• The most underrated performer in radio history talks to my second-favorite radio personality of all time, largely about my favorite radio personality of all time. I liked it, shockingly.

According to the Pew Research Center eight percent of "online Americans" use Twitter, which makes me think I should have way more followers.

• Finally, this week's AG.com-approved music video is "Tighten Up" by The Black Keys:

August 20, 2010

Link-O-Rama

• Not surprisingly, this news set the all-time AG.com record for number of people who sent me a story. Hollywood could produce The Aaron Gleeman Story starring Brad Pitt as me and I'd be less likely to see it than Black Swan.

• When it comes to old baseball cards, apparently "worst" is synonymous with "best."

• See if you can spot the biggest sex symbol of the 1990s in this photo from high school.

• I probably get to sleep before 1:00 a.m. at most a few dozen times each year, so if this data and research is accurate I should be a genius.

Headline of the Week: "Tila Tequila attacked at Insane Clown Posse festival‎."

Eric Fisher of Sports Business Journal wrote about NBCSports.com's blog-based growth.

• If you've ever wondered what Craig Calcaterra and I do all day, read this. If nothing else it explains why I like to think of myself as the Samantha Ronson of baseball bloggers.

• I was planning to make some sort of Kelly Brook-in-3D comment in linking to these pictures, but then the sheer number of possibilities overwhelmed me.

• I follow White Sox beat writer Joe Cowley on Twitter and find him hilarious, even (or maybe especially) when he's goofing on the Twins or Minnesota, but apparently not everyone agrees.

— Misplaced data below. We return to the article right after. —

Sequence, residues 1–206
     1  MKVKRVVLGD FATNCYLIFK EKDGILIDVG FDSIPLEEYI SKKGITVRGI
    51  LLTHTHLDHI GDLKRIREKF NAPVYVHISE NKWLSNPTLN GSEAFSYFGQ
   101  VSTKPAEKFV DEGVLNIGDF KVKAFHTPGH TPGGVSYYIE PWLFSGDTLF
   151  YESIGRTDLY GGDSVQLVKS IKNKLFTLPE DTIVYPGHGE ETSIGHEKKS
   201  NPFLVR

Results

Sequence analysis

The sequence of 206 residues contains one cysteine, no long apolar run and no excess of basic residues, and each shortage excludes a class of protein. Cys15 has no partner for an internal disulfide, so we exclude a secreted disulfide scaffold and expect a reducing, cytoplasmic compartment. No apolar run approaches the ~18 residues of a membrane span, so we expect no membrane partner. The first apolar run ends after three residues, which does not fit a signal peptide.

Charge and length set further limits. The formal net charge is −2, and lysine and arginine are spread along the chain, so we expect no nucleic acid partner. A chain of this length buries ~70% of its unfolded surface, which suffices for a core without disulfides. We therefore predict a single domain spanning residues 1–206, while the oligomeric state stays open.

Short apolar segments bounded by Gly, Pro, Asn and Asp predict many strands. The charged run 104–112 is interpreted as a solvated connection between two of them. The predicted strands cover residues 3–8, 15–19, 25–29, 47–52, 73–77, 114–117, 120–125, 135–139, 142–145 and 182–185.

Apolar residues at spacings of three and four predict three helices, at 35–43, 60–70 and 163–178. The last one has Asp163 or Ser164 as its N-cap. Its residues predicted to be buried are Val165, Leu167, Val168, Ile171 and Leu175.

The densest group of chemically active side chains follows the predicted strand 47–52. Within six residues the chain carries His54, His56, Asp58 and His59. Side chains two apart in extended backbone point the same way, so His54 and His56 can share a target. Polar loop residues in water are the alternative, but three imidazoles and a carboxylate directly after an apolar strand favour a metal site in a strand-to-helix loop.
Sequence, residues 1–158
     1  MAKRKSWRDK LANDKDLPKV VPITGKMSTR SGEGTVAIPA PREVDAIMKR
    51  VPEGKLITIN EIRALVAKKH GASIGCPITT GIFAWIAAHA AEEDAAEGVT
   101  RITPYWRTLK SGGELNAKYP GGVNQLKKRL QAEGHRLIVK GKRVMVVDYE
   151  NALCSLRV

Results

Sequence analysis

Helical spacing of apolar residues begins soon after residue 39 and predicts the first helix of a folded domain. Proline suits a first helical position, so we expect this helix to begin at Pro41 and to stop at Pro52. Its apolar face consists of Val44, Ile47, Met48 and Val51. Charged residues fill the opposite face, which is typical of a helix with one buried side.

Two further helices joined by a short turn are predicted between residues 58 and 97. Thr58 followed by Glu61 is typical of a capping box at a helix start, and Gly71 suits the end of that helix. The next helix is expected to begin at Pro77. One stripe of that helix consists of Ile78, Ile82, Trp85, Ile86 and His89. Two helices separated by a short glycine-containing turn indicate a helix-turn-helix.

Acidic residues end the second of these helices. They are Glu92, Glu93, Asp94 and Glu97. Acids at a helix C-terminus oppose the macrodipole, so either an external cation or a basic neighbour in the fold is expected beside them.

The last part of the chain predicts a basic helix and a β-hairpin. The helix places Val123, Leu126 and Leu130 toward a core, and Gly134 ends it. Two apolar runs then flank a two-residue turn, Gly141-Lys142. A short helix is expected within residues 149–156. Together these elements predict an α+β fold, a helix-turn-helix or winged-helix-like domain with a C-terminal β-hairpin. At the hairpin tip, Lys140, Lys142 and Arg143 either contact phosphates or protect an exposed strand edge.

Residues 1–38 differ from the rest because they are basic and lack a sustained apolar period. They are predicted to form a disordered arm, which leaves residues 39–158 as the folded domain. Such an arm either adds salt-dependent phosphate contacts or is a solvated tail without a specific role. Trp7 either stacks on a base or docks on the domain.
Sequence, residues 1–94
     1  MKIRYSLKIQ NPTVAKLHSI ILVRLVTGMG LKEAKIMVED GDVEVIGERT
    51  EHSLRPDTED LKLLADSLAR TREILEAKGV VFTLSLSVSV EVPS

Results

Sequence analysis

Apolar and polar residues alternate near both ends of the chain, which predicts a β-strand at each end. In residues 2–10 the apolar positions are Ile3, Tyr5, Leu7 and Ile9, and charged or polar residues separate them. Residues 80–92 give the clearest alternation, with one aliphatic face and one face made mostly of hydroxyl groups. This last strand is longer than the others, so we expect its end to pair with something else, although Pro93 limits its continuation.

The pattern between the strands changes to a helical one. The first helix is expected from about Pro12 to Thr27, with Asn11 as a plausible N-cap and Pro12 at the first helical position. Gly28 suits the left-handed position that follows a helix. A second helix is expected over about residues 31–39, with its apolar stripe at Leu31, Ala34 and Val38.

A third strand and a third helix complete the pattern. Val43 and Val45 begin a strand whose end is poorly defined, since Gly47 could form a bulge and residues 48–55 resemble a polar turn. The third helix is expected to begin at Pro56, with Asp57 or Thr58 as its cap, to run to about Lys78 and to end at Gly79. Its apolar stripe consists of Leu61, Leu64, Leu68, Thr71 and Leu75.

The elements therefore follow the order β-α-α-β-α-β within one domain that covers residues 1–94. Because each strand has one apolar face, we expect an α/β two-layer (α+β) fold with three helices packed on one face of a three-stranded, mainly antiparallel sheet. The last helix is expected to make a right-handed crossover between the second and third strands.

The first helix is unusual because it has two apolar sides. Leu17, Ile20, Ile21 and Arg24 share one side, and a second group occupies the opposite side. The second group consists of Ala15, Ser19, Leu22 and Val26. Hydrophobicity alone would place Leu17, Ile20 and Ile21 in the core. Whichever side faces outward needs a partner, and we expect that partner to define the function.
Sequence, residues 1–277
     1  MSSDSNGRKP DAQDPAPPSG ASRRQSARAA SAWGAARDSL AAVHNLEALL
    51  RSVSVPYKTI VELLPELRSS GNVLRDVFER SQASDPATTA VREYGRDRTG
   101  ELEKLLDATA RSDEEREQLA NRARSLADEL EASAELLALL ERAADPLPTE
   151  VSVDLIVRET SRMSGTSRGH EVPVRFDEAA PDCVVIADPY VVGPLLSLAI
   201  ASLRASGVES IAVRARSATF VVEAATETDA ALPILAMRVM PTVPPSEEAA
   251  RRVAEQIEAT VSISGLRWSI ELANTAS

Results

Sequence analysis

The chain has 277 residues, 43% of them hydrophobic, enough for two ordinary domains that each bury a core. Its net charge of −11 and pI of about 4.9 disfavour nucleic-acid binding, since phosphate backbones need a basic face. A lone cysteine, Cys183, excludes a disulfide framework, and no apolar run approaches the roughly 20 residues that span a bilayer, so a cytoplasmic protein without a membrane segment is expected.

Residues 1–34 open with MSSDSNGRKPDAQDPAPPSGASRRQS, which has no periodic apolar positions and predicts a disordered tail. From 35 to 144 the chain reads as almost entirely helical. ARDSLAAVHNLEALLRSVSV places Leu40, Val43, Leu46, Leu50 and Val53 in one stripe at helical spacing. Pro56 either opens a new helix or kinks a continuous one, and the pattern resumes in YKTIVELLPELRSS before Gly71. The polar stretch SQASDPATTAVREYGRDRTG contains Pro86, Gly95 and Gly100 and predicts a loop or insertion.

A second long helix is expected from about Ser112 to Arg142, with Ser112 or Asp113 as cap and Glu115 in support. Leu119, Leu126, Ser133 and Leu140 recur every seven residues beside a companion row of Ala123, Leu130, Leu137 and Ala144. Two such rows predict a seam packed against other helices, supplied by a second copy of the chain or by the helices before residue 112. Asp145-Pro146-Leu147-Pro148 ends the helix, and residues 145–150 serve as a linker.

• It's tough not to root for Stafon Johnson given his ridiculously horrendous luck.

Suzanne Solheim interviewed Jeff Manship on just about everything but baseball.

• I'm not even really sure why exactly, but I find this incredibly funny:

I actually think Don't Stop or We'll Die's music is legitimately good, even without the humor.

Joe Christensen of the Minneapolis Star Tribune was on fire all this week. First he referenced Ultimate Zone Rating in an article about Danny Valencia, then he quoted Lester Freamon in a blog entry about the AL Central, and last but not least a throwaway line from one of his game stories was the inspiration for two of my posts on Hardball Talk.

• Even at 46 years old Jose Canseco is still better at hitting home runs than he is at spelling.

• One of my favorite columnists, Jason Whitlock, has left the Kansas City Star after 16 years at the newspaper. Hopefully he'll find another good platform to go with his FOXSports.com gig.

• Based on this story, Peggy Olson clearly didn't follow Freddy Rumsen's advice on marriage.

• Speaking of Mad Men, any fans of the show will also enjoy watching John Slattery's lengthy appearance on Kevin Pollak's Chat Show.

• Sad news but an incredibly compelling piece from my NBCSports.com colleague Mike Celizic.

• HBO has thankfully thought better of their decision to cancel The Life and Times of Tim, which is one of television's most underrated shows.

Bill Baer of Crashburn Alley put together a nice collection of resources for sabermetric stats.

• Here are some highlights from my NBCSports.com blogging this week:

- Mark Prior is "having a blast" playing independent league ball
- Bryan Bullington gets first career win eight years after being No. 1 overall pick
- Designated for assignment by Reds, should Micah Owings try hitting full time?
- Carlos Gonzalez makes a great catch, but loses to the still-undefeated wall
- Mike Leake moved to bullpen to keep rookie's workload down
- Nationals call up 22-year-old catching prospect Wilson Ramos
- A's send Chris Carter back to Triple-A with .000 average
- Despite monster debut, J.P. Arencibia sent back to minors
- Nationals president says draft pick signing setup is "silly"
- Shawn Chacon's grievance versus Astros denied by arbitrator

• Finally, this week's AG.com-approved music video is Aloe Blacc singing "Femme Fatale":